Stepping inside the old MacRobertson confectionery factory feels like stepping back in time.
In the 1880s, the unique complex was once part of local chocolatier Sir Macpherson Robertson’s namesake empire, made up of several buildings and blocks sprinkled across Fitzroy, with ‘MacRobertson’ sprawled on the outside. The businessman might not be a household name, but he’s credited with creating some of Australia’s most famous chocolates, including the Freddo Frog and Cherry Ripe!
Today, the expansive complex is now home to some of Melbourne’s most coveted warehouse apartments, with buyers often lining up around the block whenever one hits the market. This was the intimidating scene Lauren Bruce and her wife Hannah McNeill saw when they came to the first inspection of their two-bedroom, loft-style apartment, back in 2020.
‘The history of this building, and its related quirks, was one of the main things that drew me to it,’ Lauren says. Despite being converted into apartments in the late ‘90s, not a lot has changed about the building’s architecture. Red brick, exposed beams overhead and an endearing red fire-escape staircase give you a sense of what the chocolate factory was like before it was transformed into a residential building.
‘I love the height of the ceiling and the light streaming down from the skylights,’ Lauren adds. ‘Our apartment is actually the lowest point of the building… being on the ground floor means we have these beautiful original concrete floors, and these fantastic, grand industrial windows that let in really beautiful light.’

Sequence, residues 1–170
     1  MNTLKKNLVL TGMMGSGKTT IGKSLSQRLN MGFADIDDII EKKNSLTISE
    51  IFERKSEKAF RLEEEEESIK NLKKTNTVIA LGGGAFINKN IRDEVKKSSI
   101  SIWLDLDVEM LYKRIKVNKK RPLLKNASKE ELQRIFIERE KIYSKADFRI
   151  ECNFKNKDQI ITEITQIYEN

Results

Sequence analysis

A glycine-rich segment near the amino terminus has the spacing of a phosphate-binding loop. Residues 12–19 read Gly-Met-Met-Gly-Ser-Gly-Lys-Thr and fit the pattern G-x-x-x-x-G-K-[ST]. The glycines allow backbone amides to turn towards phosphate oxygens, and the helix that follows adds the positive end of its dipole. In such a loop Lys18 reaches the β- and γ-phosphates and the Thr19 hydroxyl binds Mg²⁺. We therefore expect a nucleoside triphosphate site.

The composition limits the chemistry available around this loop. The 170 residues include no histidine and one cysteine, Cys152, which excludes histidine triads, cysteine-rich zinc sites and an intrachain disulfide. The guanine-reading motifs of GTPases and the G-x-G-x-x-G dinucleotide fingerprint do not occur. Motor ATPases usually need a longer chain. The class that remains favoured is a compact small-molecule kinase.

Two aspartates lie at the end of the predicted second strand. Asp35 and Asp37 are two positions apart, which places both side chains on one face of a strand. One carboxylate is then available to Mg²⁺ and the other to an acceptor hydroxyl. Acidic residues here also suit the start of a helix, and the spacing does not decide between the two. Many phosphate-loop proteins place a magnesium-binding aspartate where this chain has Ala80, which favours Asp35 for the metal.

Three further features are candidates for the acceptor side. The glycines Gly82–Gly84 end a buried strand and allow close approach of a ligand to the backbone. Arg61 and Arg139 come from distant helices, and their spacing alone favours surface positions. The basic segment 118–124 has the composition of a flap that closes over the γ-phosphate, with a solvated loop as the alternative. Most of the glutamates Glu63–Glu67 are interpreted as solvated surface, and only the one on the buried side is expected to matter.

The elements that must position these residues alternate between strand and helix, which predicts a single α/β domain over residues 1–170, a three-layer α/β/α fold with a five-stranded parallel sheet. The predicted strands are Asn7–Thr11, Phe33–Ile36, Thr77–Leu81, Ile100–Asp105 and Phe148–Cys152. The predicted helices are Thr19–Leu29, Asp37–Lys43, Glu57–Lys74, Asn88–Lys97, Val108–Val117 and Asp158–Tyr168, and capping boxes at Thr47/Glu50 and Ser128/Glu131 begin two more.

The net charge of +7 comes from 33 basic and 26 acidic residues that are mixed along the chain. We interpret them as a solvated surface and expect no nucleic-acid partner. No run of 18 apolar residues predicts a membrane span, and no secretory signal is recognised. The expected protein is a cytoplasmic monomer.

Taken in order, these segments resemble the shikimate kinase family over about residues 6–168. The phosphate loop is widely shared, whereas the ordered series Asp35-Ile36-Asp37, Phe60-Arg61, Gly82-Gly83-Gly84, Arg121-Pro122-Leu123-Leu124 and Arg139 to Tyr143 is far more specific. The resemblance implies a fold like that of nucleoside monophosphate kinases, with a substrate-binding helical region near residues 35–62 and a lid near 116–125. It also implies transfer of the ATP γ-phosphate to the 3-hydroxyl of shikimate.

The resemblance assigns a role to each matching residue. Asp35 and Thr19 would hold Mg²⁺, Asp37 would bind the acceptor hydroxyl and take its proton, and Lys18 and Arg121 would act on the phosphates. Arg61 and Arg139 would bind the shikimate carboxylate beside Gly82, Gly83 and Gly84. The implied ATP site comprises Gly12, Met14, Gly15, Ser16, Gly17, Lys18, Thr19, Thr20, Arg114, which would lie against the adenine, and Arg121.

But each of the apartments — connected by a maze-like mezzanine on the upper floors — is different from the next.
Fellow resident, lawyer Amel Masinovic and partner Meg also moved into the building during the pandemic. After inspecting an apartment on a whim, they ‘fell in love with the place’ and are now raising their two-month old son there too. ‘We moved in during one of the last Covid-19 lockdowns, and the extra space and large balcony were a huge draw for our weary minds!’
Located on one of the upper levels on the northeast corner, their home is made up of two combined apartments, hiding three-bedrooms, and four-bathrooms across two floors, with timber-rich interiors and surprisingly soaring ceilings! There’s even a quirky wooden structure which encloses one of the bedrooms, turning it into a self-contained space complete with a kitchenette.
‘Our apartment has a wrap-around balcony that sets it apart from the rest,’ Amel says. ‘From our apartment we can see eastern Fitzroy towards Collingwood, and further past the high-rise buildings we can see the hills to the east.’
He says that beyond the building’s old-school warehouse windows and enduring style that feels like ‘it’ll never get old’, there’s also a friendly familiarity between the residents, who often pass each other in Brunswick Street and Smith Street’s cafes, restaurants and nearby parks.
When airline pilot Mark and visual artist Bronni Krieger were downsizing almost a decade ago, they knew they wanted to live in a vibrant artistic community — Fitzroy was a natural choice. They came across a quiet, two-bedroom apartment in the building with an ‘inward design’, that was a great blank canvas for them to call home for their next chapter.
‘The apartment had not been touched since the 1990’s and therefore deserved a complete rework of the internal cosmetics and a little structural change,’ Bronni says. After removing some internal walls and opening up the space, the cosy apartment is a perfect backdrop for their eclectic art collection and vintage furniture.
The couple say it’s big enough for just the two of them, but living in the former chocolate factory means they’re not short on places to meet up with friends and family, they just do so outside their apartment’s industrial walls. After all, the lifestyle is one of the best parts of living in the inner-city, even if you have to give up a little extra space.
‘A living space should be practical, aesthetically enjoyable and provide a space for life,’ Bronni notes. ‘We find our little place exactly that.’